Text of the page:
On 1st October 2014 the revised UK Corporate Governance Code became effective for all companies listed on the London Stock Exchange.
One of the requirements of the revised Code is for companies to provide a ‘viability statement’ that looks out beyond a 12-month horizon and provides information to investors about longer-term financial stability and volatility.
It’s obvious to me, and hopefully to you that doing this relies on having really high quality risk information, not just the anecdotal heat map that we all could have drawn up without knowing anything much about the company in the first place.
I was intrigued to read a spokesman for the Institute of Directors (The Times, 22nd October and IoD website) who was saying that looking out beyond 12-months wasn’t a reasonable request. The old chestnut about crystal balls was mentioned and it make me remember that there remains much about RISK information that people don’t seem able to grasp, i.e. it’s about a potential future – it isn’t data – it can’t be ‘true’ or ‘correct’ – it’s an estimate or a forecast.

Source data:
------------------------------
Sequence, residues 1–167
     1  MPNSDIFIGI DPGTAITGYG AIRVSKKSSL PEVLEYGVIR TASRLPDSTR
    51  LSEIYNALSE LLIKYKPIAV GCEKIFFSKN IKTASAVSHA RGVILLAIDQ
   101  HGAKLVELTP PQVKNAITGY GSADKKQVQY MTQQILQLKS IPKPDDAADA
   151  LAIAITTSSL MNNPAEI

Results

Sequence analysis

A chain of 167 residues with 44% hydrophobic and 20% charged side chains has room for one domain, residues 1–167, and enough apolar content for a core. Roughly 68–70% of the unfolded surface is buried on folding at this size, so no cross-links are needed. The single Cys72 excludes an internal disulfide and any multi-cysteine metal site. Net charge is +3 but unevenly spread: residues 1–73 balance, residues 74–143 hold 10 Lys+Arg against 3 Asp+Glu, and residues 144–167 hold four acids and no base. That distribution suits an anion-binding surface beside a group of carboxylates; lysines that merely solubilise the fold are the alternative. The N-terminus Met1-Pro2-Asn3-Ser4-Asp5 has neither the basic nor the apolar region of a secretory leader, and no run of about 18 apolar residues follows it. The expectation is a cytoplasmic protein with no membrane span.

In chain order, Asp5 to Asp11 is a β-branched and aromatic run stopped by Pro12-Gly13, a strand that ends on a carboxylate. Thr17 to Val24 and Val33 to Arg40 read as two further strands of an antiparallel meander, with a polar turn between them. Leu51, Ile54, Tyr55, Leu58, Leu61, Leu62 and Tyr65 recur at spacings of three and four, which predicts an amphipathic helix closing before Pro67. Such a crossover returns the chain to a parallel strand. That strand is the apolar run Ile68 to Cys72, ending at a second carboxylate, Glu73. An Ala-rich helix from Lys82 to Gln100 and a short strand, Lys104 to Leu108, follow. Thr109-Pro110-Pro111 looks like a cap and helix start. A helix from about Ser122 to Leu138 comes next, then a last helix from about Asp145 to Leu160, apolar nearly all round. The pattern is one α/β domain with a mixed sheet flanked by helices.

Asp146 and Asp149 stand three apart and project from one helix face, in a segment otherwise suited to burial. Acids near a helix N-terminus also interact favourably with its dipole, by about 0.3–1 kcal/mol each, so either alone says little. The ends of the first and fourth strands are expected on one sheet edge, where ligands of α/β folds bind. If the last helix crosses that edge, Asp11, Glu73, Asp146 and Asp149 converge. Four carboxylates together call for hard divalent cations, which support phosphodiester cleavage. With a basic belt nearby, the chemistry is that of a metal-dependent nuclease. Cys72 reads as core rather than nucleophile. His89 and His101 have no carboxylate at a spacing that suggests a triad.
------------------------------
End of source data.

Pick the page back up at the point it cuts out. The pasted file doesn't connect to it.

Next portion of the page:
But with estimates/forecasts, we need to know confidence levels. Of course you cannot be sure – investors aren’t daft – they don’t expect 100% certainty – but they also expect forecasts based on the best risk information you can get, and that requires:
· An obsessive interest in scanning the horizon and seeing what might be coming your way.
· An open-mindedness to new data, new ideas, thoughts and perceptions of colleagues.
· An ability to take lots of input then model how all that might play out on the objectives that matter most to you.
The really exciting thing for business though is that if you do all the good stuff so you can comply with the FRC regulations, you also stand a chance of improving your performance and creating the competitive advantage needed to achieve or improve on your forecasts.